The most important component of the profiler is the PAR sensor which is using to measure downwelling irradiance at the surface and through the water column. In order to measure downwelling irradiance the sensor must measure light across the entire upward looking hemisphere and the irradiance must be weighted by the cosine of the angle of incidence, according to Lambert’s Cosine law. Diffusers made from materials like acrylic, Teflon or plastic are commonly placed over the photodiode to achieve a cosine corrected response. Additionally, a filter is needed to get the correct spectral response (400-700 nm) from the sensor.
I cut the diffusing disk from a 2mm thick piece of PTFE using a cork borer which had an inner diameter of about 10mm. By rotating the borer while applying downward pressure I was able to get perfectly round disks. To get a clean cut its important the borer be sharp and held perpendicular to the sheet of PTFE.
Visible bandpass filter
The visible bandpass filter is an important part of the PAR sensor because it restricts the wavelengths of light reaching the photodiode to those used in photosynthesis (400-700 nm). I found some UV-IR cut filters on eBay for cheap and decided to try them out. Details about the spectral characteristics of the filters were sparse so I measured the transmissivity of the filters myself using a spectrometer.
You can see the the filter cuts off a bit short of 700 nm which is not ideal but without spending a lot more money I don’t think I’ll be able to do any better, so for now I’m going to stick with them
I’m using a Vishay BPW 20 photodiode to measure the light levels in the PAR sensor it’s a cheap (~$6) sensor that has sensitivity between 375 – 1175 nm. For the purpose of testing the cosine response of the sensor I connected the photodiode to an amplifier circuit using CA3140EZ op amp. I will go into more detail about the op amp circuit in the next project log.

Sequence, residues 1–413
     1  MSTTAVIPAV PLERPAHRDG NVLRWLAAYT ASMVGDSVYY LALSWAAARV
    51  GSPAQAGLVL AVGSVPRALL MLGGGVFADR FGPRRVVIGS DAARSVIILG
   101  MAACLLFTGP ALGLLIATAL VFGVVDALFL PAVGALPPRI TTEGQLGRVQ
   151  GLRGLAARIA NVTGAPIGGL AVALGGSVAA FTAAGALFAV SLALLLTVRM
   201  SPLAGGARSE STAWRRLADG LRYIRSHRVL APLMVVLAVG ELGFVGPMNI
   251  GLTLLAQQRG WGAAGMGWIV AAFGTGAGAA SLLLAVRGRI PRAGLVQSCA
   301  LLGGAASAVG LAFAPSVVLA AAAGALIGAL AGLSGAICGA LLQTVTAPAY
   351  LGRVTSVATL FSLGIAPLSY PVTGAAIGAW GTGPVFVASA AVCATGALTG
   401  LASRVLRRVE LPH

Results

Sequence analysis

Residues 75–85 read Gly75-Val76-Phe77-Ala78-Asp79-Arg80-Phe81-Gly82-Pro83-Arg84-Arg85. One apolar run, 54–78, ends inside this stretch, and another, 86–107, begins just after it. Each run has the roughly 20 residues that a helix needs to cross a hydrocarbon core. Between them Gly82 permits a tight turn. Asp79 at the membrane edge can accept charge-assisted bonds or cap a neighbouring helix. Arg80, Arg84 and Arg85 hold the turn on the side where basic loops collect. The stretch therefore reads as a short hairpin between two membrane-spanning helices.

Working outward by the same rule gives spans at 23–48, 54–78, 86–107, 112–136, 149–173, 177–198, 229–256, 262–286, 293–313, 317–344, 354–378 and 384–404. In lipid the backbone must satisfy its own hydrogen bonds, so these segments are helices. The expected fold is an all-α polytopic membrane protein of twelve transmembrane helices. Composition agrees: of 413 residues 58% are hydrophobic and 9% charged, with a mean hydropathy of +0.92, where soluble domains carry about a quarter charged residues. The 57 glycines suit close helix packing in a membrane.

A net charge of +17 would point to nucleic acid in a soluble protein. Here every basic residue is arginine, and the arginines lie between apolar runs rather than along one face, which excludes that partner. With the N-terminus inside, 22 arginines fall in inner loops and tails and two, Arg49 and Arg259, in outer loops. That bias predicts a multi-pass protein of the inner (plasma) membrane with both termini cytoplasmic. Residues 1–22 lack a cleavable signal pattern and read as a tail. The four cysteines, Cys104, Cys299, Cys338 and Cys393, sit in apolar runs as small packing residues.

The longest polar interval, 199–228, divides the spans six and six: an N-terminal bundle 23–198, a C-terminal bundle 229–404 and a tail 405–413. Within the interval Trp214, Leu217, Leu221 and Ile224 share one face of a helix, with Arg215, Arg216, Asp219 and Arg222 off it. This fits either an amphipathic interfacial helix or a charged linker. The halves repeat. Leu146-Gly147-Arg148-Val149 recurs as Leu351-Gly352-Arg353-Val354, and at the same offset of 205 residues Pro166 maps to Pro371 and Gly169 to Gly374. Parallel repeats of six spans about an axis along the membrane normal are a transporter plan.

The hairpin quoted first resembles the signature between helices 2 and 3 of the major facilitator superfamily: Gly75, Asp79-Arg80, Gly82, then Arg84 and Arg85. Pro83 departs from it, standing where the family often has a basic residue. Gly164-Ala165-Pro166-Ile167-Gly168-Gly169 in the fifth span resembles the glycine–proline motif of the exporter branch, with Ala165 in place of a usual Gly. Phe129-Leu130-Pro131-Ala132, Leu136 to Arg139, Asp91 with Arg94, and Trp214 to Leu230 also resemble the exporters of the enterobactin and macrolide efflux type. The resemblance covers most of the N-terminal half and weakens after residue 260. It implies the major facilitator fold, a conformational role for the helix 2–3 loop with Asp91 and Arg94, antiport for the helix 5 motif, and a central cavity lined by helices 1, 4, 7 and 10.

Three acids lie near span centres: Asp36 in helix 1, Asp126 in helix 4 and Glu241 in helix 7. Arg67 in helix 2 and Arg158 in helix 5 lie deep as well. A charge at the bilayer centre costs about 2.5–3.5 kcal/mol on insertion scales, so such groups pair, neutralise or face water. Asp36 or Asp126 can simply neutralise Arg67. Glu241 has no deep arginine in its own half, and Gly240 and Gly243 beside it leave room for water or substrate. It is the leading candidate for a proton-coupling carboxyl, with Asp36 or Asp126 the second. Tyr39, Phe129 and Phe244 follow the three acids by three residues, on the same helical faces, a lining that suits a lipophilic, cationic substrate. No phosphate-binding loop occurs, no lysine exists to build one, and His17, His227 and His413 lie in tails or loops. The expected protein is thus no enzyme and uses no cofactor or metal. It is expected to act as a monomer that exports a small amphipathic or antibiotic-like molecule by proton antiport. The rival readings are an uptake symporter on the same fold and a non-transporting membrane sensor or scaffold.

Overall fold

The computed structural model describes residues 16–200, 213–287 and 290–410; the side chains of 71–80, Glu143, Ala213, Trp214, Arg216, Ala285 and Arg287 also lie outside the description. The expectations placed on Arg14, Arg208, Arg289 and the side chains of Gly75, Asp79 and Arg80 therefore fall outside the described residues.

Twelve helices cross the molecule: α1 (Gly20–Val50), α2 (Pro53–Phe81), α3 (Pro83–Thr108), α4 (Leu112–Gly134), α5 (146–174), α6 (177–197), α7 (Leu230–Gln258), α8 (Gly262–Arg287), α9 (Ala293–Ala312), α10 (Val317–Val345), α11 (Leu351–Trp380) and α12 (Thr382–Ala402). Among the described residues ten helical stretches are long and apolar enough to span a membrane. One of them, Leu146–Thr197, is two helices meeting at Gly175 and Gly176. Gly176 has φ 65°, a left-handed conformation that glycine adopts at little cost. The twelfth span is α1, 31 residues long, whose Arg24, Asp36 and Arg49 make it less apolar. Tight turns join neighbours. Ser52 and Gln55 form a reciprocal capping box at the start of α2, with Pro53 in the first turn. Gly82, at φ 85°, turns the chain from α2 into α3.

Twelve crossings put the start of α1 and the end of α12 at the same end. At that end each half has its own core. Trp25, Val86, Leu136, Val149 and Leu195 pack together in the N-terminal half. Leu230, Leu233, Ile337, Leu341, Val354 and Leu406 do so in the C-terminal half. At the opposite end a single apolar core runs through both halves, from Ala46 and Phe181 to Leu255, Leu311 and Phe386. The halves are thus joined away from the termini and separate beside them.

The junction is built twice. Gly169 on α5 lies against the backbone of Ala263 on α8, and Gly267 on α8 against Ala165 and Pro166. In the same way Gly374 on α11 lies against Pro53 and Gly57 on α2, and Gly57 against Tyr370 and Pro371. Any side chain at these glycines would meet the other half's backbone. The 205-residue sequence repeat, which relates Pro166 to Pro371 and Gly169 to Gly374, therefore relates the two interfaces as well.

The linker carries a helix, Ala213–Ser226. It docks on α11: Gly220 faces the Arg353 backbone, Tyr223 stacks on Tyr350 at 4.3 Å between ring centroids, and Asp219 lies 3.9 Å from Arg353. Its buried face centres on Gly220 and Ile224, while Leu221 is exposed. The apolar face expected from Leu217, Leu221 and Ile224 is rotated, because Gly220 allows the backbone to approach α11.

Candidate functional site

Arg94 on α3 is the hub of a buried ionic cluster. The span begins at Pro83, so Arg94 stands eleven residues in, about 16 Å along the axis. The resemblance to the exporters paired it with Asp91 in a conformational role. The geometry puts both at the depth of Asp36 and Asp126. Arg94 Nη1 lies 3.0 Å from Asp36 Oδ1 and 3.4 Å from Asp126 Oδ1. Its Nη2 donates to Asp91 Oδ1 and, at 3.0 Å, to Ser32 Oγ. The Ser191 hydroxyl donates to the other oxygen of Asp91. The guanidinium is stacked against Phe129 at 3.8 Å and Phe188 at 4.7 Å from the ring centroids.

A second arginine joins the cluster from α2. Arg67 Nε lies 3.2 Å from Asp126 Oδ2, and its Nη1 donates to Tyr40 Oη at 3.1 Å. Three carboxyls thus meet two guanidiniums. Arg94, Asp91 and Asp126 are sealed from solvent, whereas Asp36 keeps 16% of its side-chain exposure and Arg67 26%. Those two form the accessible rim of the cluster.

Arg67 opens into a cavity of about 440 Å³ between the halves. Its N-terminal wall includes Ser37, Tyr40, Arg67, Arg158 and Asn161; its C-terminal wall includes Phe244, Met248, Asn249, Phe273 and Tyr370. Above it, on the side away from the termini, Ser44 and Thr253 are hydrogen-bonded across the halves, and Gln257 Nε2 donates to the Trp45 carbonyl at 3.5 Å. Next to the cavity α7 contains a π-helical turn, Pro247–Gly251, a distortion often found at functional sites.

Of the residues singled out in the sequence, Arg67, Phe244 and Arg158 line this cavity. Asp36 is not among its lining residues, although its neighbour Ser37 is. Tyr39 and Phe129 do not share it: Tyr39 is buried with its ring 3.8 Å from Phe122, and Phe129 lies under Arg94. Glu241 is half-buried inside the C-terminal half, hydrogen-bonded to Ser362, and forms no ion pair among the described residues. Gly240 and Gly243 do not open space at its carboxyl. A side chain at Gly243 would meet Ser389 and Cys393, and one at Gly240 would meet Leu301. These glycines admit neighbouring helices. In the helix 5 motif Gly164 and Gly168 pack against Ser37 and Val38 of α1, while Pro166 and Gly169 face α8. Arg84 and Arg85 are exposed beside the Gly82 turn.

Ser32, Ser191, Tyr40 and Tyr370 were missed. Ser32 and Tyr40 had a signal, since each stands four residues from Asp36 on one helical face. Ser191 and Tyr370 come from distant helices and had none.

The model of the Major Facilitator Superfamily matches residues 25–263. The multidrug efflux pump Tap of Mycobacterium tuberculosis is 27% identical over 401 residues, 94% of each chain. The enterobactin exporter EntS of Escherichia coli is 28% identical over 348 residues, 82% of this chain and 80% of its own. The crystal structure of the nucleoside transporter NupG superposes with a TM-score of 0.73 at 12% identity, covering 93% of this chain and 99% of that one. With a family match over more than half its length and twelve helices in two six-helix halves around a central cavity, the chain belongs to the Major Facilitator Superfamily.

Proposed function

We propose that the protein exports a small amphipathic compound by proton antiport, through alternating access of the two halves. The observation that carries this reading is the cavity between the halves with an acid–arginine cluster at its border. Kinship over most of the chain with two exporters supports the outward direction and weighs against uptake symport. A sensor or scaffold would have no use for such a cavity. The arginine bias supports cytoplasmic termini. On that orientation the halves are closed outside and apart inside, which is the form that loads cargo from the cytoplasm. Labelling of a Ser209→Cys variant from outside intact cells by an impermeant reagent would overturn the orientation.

To test the cosine response, I set the sensor up on an optical bench at the base of a large arm with a solar lamp at the end. The arm was mounted to allow it to swing about its base and the angle of the arm relative to the surface of the cosine receptor was measured using a digital protractor.
I the moved the lamp from directly above the sensor ( 0°) to perpendicular ( 90°) while recording the output voltage of the circuit at different angles along the way.
The figure below shows the measured response of the detector compared to that of an ideal cosine response. I was really happy will this outcome and don't think I can realistically do any better.
One difference to note between my design and that of commercially available sensors is that my diffuser is flush with the surface of the casing whereas normally you would see that the diffuser set a bit proud. The reason this is done is because at low incidence angles the diffusing material acts more like a specular reflector causing light to bounce off the surface rather than being transmitted through. By raising the diffuser a bit this loss is compensated for by light which enters the disc through the side wall. Sensors designed this way also have a raised rim around the diffuser to block any light parallel to the surface of the disc where the incidence angle is 90° and the irradiance on the surface should be zero (cosine(90°) = 0).